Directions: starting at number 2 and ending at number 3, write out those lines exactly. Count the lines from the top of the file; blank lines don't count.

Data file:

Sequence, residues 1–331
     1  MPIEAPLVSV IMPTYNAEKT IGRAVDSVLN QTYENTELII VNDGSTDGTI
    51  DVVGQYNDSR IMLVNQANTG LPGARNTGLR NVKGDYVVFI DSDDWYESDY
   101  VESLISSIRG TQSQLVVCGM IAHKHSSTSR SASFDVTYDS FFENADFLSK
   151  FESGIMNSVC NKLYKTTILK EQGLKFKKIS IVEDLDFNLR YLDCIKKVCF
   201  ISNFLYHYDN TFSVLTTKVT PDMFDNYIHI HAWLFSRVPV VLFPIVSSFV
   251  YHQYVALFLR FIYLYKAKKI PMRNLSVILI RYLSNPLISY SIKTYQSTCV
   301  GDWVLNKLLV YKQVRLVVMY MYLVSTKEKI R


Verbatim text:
     1  MPIEAPLVSV IMPTYNAEKT IGRAVDSVLN QTYENTELII VNDGSTDGTI
    51  DVVGQYNDSR IMLVNQANTG LPGARNTGLR NVKGDYVVFI DSDDWYESDY